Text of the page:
By Gregg Behr
Last month, an artificial intelligence firm called Expert System released a striking map of society’s mood. In an era when social distancing has reduced the size of our worlds, this map — generated by analyzing some 46,000 social media posts — gave us a glimpse at how our unseen neighbors were feeling. Our two most common sentiments, it turns out, were sadness and fear, each consuming enormous plots of emotional real estate.
And who could blame us? We feel sadness, first and foremost, for the unspeakable loss of life at home and around the world. We feel it for the loss of jobs and livelihoods; for the everyday pleasures we once took for granted; and for the simple, life-affirming sustenance of being in community. Technology has thrown some of us a virtual lifeline, but so much of what’s been lost can’t be replicated online. We’re grieving that — and fearing an uncertain future — together.
So it’s natural, amid this despondency, to feel a creeping pull toward “normal.” There’s a lot to miss about normal: Visiting loved ones without worrying we’ll make them sick, greeting neighbors with smiles instead of masks, seeing friends and dining out and doing things in person.
And yet, as others have pointed out, normal never worked all that well for far too many people. In Pittsburgh, normal meant unconscionable and even deadly disparities in health, wealth, academics and more. It meant polluted air and lead-laden water. Normal produced bright futures for some neighborhoods, trauma and toxic stress for others.
But if the coronavirus pandemic has shown us anything, it’s that we’re not necessarily bound to normal’s laws. Educators, for example, reinvented one of our oldest institutions almost overnight. With little warning and no precedent, they improvised and strategized, fighting to stay connected with students and keep the learning going. In some places, they staged car parades. In others, they delivered meals. When “normal” was no longer an option, many came together with selflessness and love to start building something else.
Of course, that work is far from over; huge inequities and daunting challenges remain. But what we’ve seen in Pittsburgh is that the future is less beholden to the past than we might have once assumed. We don’t have to keep doing the same things we’ve always done — the realities with which we’ve been presented are malleable. And if yesterday’s order of things can change so dramatically, then it’s well within our power as people and as a community to decide what tomorrow should look like.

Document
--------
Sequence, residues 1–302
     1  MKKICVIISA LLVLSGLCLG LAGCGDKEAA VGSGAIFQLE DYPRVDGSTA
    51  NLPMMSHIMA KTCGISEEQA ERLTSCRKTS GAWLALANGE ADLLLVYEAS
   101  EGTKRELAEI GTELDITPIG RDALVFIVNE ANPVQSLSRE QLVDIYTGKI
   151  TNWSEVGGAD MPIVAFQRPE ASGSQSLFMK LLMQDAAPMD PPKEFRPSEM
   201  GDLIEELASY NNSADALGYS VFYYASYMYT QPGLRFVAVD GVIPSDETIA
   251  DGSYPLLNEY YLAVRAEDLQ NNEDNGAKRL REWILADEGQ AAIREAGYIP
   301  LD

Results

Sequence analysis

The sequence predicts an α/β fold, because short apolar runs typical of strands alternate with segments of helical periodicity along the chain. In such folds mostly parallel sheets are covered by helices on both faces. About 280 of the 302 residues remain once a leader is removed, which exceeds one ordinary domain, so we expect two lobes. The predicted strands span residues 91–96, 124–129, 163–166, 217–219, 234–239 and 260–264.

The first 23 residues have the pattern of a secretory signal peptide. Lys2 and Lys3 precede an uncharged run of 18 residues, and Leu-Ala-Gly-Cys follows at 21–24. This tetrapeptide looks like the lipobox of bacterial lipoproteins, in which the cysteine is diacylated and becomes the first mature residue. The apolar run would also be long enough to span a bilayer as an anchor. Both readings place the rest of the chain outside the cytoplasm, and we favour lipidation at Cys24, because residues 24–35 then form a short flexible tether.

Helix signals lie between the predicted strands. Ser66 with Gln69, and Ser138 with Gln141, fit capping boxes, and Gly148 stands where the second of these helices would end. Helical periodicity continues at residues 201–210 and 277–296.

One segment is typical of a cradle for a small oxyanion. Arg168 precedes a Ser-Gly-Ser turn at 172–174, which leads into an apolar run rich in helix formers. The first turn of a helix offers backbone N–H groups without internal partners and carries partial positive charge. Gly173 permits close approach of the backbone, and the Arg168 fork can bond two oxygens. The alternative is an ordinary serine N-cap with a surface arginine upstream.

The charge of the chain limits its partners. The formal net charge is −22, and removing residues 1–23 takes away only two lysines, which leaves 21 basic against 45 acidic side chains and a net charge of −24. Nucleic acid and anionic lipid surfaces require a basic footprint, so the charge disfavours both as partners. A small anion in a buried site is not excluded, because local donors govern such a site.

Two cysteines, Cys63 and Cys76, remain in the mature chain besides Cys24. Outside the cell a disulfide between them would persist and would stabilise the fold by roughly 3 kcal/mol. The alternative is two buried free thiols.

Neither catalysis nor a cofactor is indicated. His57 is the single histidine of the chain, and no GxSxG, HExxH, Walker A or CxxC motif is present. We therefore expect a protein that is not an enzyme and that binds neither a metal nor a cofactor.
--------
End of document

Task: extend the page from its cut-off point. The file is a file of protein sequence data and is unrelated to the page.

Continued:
In that spirit, Remake Learning launches Tomorrow, a campaign that calls us to forge a future where each day holds promise for every learner — where youth, families, and educators connect timeless ideas and new ways of learning to prepare for what comes next, no matter what tomorrow might bring. As our region’s educators have already shown, what sustains us through exceptional times like these are the essential qualities that make us human: Our capacity for love, the power of our relationships, and the strength we get from belonging to a society that works together to do so much more than anyone of us can do on our own.
Tomorrow brings these qualities to bear on the question we’ve all been asking: What if?
What if we swapped our focus on “education” for a focus on “learning” instead? Whereas “education” is often confined to schools, the notion of “learning” expresses so much more. We could rename and reestablish our Departments of Education as Departments of Learning. We could weave programming across schools, libraries, after-school programs, playgrounds, and more. We could pair artists and technologists with teachers; we could pair social workers and mental health counselors with school nurses. We could make learning a practice of curiosity, creativity and love — one led by learners and supported by whole communities (and even whole countries). It’s a change of just one word, but it’s a big change in mindset.
What if we leveraged the learning sciences not merely to do things better, but to do better things? What if we applied what scientists have learned about learning itself? We could follow the lead of Finland, which performs near the top of the world’s learning rankings yet continues to push itself further. Guided by findings from science, learners in Helsinki explore their world by asking questions that interest them and seeking answers through research and interviews. We, too, could put young people in charge of more of their learning, letting them direct, document and demonstrate their journeys. Standing at their sides, we could give them permission to follow their wonders and whims.